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Jul 18, 2019 Katelind Hays

Multitasking in the Modern Virtual Classroom

28259640_sThink back to the last webinar or virtual training session you attended. I’m willing to bet that you divided your attention between the event and other things like email, lunch, or a pressing project.

We don’t judge! Even the most committed learners and seasoned virtual classroom experts have a tendency to multitask in this learning environment. And for good reason – we all juggle an increasing number of competing priorities, and our organizations keep decreasing the amount of time available for learning.

The famous Bersin research about the reality of modern learning reinforces the truth that we all have too much to do in too little time. Because we try to accomplish a week’s worth of work in day – while also pursuing personal professional development – multitasking isn’t just commonplace, it’s essential.

In thinking about all the distractions we face, keep a few things in mind:

  • Modern learners will multitask. Whether you design a comprehensive eight-week blend, or you facilitate a one-hour informational presentation, learners will bring external “stuff” to your event. Don’t resign yourself to leading a program rife with disengagement but having an awareness of the likelihood for intermittent or lacking interaction can help you prepare for it.
  • Facilitators multitask, too. Not all multitasking diminishes the value of an event. The best virtual classroom facilitators manage learners, content, and collaboration activities all at once. These real-world skills contribute to a memorable and engaging experience, not detract from it. Our team often embodies the motto: “Be like a duck: calm on the surface, put paddling like the dickens underneath.”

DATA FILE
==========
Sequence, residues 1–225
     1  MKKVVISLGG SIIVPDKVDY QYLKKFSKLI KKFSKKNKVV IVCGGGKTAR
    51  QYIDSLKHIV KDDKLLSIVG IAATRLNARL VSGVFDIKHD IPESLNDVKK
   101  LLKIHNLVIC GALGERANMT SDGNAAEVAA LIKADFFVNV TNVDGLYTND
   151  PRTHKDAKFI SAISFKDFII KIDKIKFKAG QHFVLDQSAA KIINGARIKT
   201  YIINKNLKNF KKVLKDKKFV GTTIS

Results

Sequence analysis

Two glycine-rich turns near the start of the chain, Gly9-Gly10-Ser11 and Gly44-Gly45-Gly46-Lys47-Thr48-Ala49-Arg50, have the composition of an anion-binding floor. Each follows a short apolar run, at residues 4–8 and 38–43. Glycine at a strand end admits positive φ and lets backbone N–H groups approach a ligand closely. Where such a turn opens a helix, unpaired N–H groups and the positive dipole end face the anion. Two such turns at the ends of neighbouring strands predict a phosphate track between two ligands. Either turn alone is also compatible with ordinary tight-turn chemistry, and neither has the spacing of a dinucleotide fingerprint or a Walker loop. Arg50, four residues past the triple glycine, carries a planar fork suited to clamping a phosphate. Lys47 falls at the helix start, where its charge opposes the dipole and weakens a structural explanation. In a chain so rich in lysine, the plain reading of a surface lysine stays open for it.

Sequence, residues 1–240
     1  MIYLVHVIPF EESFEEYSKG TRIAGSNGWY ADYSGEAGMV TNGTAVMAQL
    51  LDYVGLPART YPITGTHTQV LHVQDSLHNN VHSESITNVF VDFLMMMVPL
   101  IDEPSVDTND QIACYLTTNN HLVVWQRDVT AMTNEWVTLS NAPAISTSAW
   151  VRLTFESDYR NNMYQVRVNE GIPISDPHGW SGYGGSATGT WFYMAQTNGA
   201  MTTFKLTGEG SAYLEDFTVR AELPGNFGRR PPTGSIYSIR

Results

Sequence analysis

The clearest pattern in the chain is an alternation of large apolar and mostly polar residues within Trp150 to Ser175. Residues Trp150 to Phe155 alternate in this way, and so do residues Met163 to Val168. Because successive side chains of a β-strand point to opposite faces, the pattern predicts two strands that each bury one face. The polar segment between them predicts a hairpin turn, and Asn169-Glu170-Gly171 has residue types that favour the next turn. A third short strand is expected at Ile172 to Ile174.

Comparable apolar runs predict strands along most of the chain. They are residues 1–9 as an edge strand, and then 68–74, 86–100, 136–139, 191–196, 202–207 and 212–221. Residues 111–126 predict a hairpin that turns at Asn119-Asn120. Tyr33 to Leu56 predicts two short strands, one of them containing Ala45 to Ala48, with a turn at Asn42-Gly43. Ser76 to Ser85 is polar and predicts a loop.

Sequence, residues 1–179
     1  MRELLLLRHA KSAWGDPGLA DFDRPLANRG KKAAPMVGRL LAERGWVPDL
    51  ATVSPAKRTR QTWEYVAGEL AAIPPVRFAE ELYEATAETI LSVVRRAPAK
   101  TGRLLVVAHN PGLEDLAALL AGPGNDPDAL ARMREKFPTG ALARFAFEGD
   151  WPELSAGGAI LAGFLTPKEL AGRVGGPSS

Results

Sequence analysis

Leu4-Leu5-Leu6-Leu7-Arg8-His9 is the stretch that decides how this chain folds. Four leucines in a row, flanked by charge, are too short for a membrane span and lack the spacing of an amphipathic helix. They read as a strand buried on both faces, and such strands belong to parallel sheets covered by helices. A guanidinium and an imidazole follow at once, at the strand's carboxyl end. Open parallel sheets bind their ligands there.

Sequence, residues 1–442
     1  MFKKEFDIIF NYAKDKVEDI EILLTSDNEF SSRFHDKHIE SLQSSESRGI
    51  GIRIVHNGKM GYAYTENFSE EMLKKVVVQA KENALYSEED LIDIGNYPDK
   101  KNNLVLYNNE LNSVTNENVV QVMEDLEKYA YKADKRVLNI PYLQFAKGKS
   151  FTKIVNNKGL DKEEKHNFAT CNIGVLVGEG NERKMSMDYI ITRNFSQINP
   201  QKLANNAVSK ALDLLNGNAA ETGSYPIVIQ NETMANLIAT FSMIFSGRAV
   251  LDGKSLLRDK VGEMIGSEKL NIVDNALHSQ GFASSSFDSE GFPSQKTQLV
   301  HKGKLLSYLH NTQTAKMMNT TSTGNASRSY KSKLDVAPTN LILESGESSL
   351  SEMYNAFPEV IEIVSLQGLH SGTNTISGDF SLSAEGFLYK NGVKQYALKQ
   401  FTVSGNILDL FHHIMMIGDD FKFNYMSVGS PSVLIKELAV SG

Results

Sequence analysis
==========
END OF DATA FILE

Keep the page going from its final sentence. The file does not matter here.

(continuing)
• Engagement can combat distraction. Learners will check email during your session. Sometimes poll questions will not have a 100% response rate. Not all participants will devote their full attention to a breakout room activity. But incorporating opportunities for collaboration, contribution, and connection can regain and refocus attention.

Resident facilitation expert Karen Vieth knows all too well this modern learning reality. Just as the virtual classroom evolves, so too must our perspective and process. Karen urges facilitators to:

"Ask the right questions. Foster discussion. Get people to listen to us and to other participants. Utilize purposeful silence – taking a moment to pause and allowing engagement to happen. Call people by name. Create conversation. Have conversation! Ultimately, combating multitasking and creating dynamic virtual learning events is less about me as a facilitator and more about them as participants. Encourage participation and create activities. Provide instructions so learners understand expectations and know exactly what to do."

The best practice of asking learners to actively participate or interact in the virtual classroom every 3-5 minutes may not offer a cure-all, but it can set the stage for success.


Published by Katelind Hays July 18, 2019
Katelind Hays